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You can't learn much if you don't show up at school

  • Author: Tasha Boyer
  • Updated: June 29, 2016
  • Published February 18, 2015

"If I miss just one day of school, it can't really make a difference, right?"

Before you know it, one day becomes just two or three, and then you have to do your makeup work for the days missed -- not to mention keeping up with the regular workload -- while also balancing a sport or job or anything else that might eat away at your time. Repeat this process a few more times, and you are too far behind on schoolwork to possibly catch up. Chronic absenteeism may not seem like a particularly devastating problem from the surface, but in reality, its ramifications project far beyond the immediate future. However, the solution does not just involve students; in fact, it involves everyone in the greater Anchorage community.

Ideally, we would like all of our students to graduate, but how can they be expected to graduate if they do not even make it to school? There are many factors that may contribute to absenteeism, including not sufficiently valuing classroom learning or a high school diploma. In order for students from any background to realize the worth of a high school education, a community that fully understands its importance must be a catalyst in creating a solid support system that will help motivate students to attend school.

If a student's high school attendance rate is low, how do we know whether the negative trends will continue throughout his or her professional career? Anchorage students may become your future employees or colleagues, so it is imperative that our community emphasizes the significance of practicing good attendance habits while in secondary school. We need to let students know that this absenteeism will not be tolerated by employers in the "real world." High school is a rare time in life when adolescents can develop routines that will be used throughout the remainder of their lives; therefore we must make sure that every student begins forming these regimens now.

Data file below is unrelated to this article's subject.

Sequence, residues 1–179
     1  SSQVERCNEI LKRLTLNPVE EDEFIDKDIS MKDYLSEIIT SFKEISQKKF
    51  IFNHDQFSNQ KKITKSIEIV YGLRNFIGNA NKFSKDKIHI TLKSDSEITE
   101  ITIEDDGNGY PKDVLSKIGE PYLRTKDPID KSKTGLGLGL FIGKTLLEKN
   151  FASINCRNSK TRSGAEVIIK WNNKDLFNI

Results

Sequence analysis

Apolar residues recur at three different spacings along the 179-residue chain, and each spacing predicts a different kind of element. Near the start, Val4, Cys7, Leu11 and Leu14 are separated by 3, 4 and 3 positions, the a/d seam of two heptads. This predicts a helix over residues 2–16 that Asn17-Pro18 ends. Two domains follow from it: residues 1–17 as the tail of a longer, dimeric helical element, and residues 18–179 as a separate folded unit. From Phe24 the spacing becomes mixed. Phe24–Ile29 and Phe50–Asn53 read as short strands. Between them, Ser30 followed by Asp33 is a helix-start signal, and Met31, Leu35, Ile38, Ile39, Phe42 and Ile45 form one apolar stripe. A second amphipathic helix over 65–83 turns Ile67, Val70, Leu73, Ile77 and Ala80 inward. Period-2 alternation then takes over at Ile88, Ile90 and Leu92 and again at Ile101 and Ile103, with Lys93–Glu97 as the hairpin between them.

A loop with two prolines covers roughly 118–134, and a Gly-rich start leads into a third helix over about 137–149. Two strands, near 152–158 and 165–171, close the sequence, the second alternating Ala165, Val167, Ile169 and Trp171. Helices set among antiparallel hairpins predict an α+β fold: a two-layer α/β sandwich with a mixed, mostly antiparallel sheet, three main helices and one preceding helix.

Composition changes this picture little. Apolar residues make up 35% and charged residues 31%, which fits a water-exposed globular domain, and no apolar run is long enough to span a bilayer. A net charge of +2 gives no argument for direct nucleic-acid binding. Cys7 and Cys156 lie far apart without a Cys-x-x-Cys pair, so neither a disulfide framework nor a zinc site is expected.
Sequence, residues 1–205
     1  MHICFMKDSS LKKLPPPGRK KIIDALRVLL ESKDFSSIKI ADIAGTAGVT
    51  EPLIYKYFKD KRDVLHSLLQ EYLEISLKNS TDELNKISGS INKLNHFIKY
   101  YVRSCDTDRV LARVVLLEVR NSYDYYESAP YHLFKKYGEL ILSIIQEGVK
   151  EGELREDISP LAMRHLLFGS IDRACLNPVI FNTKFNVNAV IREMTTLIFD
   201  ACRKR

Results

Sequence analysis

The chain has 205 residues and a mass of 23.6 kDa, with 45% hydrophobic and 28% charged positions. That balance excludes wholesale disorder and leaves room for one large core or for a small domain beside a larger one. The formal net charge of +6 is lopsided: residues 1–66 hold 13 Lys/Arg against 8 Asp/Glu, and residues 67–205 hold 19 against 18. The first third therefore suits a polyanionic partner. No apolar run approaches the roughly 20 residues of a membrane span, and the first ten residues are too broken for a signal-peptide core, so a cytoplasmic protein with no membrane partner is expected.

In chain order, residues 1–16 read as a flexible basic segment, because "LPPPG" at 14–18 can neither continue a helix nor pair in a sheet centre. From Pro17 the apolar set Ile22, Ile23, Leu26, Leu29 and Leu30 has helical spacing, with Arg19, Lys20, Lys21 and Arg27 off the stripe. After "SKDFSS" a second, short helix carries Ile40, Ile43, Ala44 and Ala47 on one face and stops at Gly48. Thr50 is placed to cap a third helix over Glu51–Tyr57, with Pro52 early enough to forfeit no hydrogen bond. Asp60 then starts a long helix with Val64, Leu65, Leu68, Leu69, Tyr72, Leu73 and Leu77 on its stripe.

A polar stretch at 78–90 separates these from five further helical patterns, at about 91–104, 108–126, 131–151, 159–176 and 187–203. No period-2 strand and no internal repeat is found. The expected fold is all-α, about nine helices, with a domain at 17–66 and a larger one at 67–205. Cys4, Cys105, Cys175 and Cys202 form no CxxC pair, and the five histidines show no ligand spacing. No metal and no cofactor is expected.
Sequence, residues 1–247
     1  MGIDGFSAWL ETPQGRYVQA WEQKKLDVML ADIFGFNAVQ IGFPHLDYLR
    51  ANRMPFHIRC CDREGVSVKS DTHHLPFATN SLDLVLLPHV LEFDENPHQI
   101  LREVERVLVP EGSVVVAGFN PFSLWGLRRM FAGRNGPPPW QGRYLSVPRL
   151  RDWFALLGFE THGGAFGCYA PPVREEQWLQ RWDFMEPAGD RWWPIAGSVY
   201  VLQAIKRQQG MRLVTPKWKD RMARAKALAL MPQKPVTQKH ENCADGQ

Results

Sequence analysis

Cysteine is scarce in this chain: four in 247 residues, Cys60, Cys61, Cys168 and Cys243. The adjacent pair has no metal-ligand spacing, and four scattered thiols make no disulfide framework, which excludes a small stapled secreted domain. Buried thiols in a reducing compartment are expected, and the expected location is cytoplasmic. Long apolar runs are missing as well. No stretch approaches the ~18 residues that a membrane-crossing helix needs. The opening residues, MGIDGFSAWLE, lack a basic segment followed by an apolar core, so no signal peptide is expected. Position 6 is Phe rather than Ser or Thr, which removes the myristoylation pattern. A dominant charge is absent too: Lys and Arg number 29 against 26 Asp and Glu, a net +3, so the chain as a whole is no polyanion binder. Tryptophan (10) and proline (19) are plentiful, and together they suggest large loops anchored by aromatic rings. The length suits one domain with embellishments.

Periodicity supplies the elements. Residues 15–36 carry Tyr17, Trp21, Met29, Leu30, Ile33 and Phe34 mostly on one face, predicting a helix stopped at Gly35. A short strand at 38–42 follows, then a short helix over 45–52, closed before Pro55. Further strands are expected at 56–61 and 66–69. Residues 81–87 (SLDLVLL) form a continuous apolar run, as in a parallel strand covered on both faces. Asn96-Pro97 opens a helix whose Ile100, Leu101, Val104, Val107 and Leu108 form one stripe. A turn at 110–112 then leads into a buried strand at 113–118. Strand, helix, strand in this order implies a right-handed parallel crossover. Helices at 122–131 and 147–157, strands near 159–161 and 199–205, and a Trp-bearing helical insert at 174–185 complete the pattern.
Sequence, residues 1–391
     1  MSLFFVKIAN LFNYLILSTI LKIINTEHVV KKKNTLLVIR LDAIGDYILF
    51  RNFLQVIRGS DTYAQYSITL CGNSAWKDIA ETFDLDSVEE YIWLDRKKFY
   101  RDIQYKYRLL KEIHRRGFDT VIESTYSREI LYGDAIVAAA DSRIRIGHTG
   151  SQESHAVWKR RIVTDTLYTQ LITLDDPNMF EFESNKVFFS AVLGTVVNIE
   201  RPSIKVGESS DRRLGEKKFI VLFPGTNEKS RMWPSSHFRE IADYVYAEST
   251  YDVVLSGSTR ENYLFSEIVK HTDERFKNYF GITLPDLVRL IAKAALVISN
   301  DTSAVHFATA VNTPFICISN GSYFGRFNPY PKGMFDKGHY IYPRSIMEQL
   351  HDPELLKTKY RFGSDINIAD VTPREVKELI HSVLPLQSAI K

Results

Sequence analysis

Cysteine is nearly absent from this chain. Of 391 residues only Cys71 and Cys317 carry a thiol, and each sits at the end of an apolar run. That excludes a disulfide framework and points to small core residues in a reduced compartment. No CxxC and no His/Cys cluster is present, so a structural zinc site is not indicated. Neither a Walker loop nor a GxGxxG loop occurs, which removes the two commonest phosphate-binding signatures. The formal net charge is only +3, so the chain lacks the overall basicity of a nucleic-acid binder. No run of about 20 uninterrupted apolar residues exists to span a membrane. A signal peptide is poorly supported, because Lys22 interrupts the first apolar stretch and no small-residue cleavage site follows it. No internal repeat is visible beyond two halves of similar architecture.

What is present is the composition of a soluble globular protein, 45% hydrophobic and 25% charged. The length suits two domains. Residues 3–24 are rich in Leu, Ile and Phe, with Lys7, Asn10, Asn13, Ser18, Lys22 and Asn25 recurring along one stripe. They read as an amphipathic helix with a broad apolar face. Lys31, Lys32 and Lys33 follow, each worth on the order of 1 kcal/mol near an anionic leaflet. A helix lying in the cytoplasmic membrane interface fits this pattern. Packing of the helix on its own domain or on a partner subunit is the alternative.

Nowadays, most sustainable careers require at least a high school diploma, and truancies do not contribute positively to that accomplishment. In order to avoid the ripple effect that chronic absenteeism initiates, it is critical that the community collectively supports every Anchorage School District student. This may not happen overnight, but hopefully the conversation surrounding attendance will.

Now is not the time for complacency; more than ever before, students need adult role models, mentors, and advocates for education and particularly attendance. If we want to reach and surpass the ASD and United Way of Anchorage-partnered Destination 2020 goals of 90 percent attendance and graduation rates districtwide, parents, teachers, and community members need to set positive examples for students. From my experience, having positive role models throughout the course of my life has helped me fully understand the importance of education and has encouraged me to give back to society and help promote this positive message. We cannot afford to let a single student slip through our fingers: our community must unite for students now so that they can serve their community in the future.

To learn more about 90 percent by 2020, visit www.90by2020.org.

Tasha Boyer is a senior at Chugiak High School, where she is student body president. She also is president of the Student Advisory Board, student representative to the Anchorage School Board and the student representative to the 90 percent by 2020 Leadership Team, which aims for a 90 percent graduation rate in Anchorage schools in five years.

The views expressed here are the writer's own and are not necessarily endorsed by Alaska Dispatch News, which welcomes a broad range of viewpoints. To submit a piece for consideration, email commentary(at)alaskadispatch.com.

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